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Malnutrition in the Hospital

C. E. Butterworth Jr., MD
JAMA. 1974;230(6):879. doi:10.1001/jama.1974.03240060049034.
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Hardly anyone would argue with the contention that adequate nutrition is essential to the maintenance of health and to recovery from injury or illness. There might be considerable debate concerning the definition of "adequate," and what methods should be employed to deliver nutritional requirements under conditions of increased needs. Almost everyone would agree, however, that the physician has an obligation to make every effort to provide the things necessary to sustain life, particularly when the patient is unable to provide them for himself. This includes carbohydrates, proteins, fats, vitamins, and minerals, as well as antibiotics, pacemakers, respirators, and artificial organs.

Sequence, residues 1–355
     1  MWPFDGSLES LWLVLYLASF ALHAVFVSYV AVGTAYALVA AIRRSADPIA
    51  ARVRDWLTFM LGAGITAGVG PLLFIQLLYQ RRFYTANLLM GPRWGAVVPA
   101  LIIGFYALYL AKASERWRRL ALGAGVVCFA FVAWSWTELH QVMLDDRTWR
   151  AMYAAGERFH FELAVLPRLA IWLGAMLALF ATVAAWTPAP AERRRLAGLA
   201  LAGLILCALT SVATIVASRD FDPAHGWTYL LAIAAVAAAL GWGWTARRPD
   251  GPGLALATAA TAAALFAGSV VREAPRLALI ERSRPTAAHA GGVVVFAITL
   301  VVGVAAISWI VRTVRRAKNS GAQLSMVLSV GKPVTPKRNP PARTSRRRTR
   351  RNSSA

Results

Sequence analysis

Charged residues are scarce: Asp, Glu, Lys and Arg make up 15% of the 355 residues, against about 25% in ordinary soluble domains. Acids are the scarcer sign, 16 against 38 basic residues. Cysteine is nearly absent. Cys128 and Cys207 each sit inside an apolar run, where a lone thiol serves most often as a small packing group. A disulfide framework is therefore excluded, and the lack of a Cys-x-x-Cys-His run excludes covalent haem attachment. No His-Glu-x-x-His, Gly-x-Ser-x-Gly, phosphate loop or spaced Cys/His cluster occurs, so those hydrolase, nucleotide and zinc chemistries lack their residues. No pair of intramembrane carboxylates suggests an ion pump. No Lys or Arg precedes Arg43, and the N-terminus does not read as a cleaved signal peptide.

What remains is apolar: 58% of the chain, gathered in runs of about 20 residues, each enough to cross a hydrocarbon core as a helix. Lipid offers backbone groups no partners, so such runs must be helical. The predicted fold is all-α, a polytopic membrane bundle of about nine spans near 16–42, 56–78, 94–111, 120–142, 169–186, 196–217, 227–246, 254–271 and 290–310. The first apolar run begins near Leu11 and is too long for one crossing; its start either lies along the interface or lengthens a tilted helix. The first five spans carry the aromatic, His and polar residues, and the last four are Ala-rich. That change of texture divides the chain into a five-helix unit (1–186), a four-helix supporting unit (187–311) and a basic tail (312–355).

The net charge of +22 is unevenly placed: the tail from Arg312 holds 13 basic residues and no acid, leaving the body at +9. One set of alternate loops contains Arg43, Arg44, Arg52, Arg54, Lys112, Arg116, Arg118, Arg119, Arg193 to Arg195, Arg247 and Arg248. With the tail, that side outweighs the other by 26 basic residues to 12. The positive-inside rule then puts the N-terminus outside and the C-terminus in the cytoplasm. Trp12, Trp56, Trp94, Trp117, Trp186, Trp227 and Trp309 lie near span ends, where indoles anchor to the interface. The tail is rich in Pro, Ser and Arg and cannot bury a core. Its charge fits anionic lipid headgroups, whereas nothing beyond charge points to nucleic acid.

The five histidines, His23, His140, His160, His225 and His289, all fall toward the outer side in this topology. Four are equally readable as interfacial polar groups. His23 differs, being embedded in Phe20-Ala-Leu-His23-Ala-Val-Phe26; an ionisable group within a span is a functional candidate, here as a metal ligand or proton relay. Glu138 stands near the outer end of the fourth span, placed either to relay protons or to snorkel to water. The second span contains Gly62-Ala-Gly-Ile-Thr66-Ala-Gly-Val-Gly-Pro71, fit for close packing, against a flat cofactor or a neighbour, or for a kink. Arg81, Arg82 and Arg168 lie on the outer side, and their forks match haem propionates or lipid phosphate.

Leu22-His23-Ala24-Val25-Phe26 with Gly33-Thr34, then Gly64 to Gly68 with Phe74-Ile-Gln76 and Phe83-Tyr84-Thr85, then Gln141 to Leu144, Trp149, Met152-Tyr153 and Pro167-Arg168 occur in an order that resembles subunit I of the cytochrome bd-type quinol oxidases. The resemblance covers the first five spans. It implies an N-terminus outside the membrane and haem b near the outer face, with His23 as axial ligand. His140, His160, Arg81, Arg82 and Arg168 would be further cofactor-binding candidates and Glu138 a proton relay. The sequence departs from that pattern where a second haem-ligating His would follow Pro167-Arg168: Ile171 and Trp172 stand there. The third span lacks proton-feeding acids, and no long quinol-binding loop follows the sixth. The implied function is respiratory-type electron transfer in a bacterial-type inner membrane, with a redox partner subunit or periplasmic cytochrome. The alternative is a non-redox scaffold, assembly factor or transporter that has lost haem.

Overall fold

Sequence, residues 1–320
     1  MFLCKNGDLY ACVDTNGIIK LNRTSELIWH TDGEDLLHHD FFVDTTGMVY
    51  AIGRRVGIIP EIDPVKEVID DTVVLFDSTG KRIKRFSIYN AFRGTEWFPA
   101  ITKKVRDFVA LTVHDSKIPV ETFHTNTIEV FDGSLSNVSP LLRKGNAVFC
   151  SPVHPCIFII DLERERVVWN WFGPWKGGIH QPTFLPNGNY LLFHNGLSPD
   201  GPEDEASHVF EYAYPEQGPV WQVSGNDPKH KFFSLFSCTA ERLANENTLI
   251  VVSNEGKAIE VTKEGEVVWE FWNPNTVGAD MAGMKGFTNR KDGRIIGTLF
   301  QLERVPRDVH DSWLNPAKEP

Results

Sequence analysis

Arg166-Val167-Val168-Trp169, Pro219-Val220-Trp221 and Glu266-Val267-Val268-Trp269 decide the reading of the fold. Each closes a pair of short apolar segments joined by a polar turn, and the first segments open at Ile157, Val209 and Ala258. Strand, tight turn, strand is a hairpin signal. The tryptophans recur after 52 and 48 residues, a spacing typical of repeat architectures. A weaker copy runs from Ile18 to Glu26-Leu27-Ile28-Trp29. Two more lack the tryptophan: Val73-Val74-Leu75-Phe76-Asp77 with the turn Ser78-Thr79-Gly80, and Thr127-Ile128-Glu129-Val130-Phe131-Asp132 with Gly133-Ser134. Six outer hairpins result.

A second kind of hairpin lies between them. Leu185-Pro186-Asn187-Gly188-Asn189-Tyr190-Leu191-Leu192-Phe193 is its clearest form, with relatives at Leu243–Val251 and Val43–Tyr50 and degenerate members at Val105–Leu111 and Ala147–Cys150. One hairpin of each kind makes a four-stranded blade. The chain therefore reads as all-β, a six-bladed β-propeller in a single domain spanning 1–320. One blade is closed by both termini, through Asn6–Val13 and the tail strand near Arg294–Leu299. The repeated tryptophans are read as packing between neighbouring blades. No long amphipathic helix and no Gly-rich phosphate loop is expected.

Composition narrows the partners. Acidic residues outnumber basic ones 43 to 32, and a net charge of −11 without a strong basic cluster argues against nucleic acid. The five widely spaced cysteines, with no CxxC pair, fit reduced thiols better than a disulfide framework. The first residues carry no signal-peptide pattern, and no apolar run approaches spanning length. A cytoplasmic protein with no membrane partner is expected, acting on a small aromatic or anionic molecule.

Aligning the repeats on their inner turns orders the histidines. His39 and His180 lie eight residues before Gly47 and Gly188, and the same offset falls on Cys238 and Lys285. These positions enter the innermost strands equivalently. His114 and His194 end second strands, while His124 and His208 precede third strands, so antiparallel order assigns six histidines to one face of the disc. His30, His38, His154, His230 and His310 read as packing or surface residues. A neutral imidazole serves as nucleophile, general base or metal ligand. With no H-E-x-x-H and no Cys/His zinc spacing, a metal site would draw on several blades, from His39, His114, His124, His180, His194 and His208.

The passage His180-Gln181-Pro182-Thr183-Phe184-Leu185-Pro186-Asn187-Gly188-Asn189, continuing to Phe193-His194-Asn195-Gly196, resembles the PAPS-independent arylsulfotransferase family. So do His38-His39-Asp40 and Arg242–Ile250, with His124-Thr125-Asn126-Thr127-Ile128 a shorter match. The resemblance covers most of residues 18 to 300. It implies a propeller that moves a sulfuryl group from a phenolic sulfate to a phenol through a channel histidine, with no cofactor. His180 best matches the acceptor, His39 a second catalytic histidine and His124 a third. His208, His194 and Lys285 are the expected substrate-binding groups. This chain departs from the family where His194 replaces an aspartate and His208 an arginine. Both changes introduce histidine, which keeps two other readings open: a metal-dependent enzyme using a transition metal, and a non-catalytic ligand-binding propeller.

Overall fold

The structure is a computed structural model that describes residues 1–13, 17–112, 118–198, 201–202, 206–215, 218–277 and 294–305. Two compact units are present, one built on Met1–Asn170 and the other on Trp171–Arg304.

There is now a growing body of evidence that the nutritional support of hospitalized patients is far from ideal.1-3 In fact, it could be described as shocking. Elsewhere in this issue (p 858), Bistrian et al present the findings of a survey carried out in a large urban hospital.


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